I remember as a kid, I only thought about one thing: travel. As soon as I was old enough, around 14 or so, I started working summers to pay for my first trips. First with host families cause I was super young, and then quickly, all by myself.

I loved flying. I loved the mix of excitement and apprehension that came over me every time I landed in a new country.

I loved seeing new things, meeting new people, sitting in cafés and just walking for miles, dreaming. And I loved doing it all alone… That said, little by little, I found travel companions. My best friend lived in Syria and we crossed my first desert together (and drank tea with some Bedouins… such an amazing experience). My first love with whom I hitch hiked over Europe (I was 22 at the time and my parents still hold it against me). My three best friends and I traveled all across Spain and if we even just mention the trip we all start cracking up… (If you can picture us all sleeping in the middle of a round-about, you get an idea of just how fly-by-night this trip was…). Of course, I’ve had some bad experiences. You have to chose wisely the people you travel with!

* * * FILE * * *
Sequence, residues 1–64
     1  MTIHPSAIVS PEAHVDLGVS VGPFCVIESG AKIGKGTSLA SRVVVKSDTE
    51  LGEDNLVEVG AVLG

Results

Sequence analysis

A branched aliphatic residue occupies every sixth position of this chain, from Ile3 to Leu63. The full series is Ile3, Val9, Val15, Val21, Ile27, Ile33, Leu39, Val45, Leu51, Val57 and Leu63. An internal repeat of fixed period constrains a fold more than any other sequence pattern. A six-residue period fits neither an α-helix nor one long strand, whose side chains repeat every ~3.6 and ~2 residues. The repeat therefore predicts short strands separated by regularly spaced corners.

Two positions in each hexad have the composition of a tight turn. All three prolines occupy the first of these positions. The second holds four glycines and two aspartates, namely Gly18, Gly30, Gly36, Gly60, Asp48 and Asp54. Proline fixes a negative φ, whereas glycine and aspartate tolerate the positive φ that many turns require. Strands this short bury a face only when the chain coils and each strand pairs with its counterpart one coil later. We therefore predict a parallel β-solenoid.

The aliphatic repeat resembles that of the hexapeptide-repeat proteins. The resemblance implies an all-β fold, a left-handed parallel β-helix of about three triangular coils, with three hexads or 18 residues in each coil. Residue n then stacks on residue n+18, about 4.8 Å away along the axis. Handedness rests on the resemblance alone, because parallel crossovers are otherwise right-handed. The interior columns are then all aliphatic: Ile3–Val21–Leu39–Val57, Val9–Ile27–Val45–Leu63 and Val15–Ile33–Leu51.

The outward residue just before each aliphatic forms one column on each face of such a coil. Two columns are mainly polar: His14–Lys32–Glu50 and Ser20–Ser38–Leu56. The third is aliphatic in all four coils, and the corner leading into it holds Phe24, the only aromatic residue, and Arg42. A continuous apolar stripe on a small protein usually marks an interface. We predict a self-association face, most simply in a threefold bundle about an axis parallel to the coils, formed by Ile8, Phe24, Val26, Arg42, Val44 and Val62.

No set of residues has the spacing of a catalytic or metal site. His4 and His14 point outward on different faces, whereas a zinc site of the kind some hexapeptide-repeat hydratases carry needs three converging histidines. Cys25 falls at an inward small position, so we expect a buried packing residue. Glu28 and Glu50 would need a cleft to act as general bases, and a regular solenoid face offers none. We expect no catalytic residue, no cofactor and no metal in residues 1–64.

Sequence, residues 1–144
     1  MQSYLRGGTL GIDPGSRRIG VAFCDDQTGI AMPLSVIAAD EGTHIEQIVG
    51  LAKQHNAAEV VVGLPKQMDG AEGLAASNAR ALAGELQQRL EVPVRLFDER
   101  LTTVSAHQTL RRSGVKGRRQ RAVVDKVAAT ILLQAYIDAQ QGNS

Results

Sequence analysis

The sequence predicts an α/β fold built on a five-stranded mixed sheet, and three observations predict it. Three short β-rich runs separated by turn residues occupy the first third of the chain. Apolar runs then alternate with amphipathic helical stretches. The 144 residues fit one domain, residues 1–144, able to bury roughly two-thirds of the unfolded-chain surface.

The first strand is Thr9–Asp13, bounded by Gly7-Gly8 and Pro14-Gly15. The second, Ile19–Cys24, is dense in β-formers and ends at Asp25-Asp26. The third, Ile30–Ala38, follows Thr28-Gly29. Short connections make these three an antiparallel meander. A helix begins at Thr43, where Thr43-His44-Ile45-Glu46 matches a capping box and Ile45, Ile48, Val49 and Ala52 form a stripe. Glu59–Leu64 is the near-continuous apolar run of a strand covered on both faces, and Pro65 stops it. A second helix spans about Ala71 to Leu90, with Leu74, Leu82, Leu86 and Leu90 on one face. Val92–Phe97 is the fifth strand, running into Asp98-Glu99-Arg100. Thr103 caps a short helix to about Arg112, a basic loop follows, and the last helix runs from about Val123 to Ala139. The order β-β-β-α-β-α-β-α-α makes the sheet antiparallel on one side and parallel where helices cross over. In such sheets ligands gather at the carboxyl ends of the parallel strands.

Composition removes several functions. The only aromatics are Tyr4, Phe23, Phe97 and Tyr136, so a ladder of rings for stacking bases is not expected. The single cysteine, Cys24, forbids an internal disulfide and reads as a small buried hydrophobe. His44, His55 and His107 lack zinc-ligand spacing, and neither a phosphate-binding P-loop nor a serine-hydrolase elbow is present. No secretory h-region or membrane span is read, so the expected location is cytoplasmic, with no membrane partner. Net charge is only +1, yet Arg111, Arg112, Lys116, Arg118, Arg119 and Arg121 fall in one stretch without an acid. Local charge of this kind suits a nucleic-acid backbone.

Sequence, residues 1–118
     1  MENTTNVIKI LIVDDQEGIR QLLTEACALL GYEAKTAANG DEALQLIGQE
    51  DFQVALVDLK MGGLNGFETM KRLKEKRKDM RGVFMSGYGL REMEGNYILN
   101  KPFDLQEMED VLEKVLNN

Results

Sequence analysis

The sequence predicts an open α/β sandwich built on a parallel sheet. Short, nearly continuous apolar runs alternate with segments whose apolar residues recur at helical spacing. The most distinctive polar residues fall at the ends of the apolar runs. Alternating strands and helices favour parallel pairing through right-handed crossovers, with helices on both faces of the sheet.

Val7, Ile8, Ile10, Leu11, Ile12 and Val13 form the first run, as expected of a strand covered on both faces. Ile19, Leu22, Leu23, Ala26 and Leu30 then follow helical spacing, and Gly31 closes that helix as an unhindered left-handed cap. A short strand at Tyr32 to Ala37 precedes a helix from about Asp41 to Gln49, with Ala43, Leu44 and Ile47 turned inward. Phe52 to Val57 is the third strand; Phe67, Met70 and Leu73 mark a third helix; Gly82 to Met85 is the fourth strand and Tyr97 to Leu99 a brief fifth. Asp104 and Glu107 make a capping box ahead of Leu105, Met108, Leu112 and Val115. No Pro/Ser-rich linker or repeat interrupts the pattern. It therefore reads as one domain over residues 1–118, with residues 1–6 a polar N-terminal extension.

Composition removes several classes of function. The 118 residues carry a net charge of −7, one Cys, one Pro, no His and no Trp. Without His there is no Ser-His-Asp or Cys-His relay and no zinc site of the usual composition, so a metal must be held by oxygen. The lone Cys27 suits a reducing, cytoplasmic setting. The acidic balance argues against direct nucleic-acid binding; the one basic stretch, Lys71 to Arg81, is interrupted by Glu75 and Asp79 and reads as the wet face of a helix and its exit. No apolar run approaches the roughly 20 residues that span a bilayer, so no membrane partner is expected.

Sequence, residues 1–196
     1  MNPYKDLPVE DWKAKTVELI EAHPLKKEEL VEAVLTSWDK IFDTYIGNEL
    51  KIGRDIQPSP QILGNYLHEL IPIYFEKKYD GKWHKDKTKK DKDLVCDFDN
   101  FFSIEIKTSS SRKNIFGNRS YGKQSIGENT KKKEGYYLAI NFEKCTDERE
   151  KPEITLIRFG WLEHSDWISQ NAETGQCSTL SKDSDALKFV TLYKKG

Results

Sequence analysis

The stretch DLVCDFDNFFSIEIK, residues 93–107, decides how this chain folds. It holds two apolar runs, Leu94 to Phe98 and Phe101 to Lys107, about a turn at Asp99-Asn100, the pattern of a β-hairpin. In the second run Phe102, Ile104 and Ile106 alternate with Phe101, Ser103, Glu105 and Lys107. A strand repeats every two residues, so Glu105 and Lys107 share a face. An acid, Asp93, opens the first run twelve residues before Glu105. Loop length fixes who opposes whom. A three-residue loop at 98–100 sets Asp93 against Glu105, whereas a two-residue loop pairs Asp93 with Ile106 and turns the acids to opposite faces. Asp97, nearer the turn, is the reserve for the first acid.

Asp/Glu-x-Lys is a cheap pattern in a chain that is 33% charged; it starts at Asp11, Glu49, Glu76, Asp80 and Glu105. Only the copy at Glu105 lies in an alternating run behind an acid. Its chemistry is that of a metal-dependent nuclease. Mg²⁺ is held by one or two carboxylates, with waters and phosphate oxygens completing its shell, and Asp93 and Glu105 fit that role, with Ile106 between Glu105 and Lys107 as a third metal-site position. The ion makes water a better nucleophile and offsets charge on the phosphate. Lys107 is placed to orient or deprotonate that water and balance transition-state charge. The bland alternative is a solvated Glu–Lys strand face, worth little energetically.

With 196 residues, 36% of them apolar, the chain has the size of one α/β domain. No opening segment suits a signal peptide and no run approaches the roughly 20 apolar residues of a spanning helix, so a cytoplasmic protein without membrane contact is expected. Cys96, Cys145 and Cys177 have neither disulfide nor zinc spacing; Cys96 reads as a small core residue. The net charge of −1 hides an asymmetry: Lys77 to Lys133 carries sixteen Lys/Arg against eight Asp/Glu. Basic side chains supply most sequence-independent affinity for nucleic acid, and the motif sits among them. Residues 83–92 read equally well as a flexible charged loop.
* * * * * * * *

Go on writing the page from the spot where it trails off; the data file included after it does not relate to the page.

And since then, when I think about it, few things really feel like an adventure.

Yeah, I travel a lot now. I have some incredible moments with that endless big horizon in front of me. But the journeys are far too short. They go by far too fast and are never far enough away. They never really seem to be what I’m looking for when I think of travel… Drowning myself in the contemplation of a landscape. Leaving my comfort zone and accepting that I might not understand everything. And learning about others as well as myself.

This trip to Morocco was way too short of course, but when we went off the beaten track and left the big cities (next time I hope to show you the modern side of Morocco), we were really moved. I would love to tell you about every second of my trip, but it all went by so quickly… And I was all too caught up in my emotions.

Besides just being a great trip, I got to guide Scott through some of my homelands : My grand-mother was Berber. And even if I didn’t know this country well, so many things seemed so familiar to me. The people especially, and I just love their kindness and sense of humor.

This trip, even if it was filled with its share of culture-shock, totally disoriented us, and at the same time, brought us closer together. It felt great.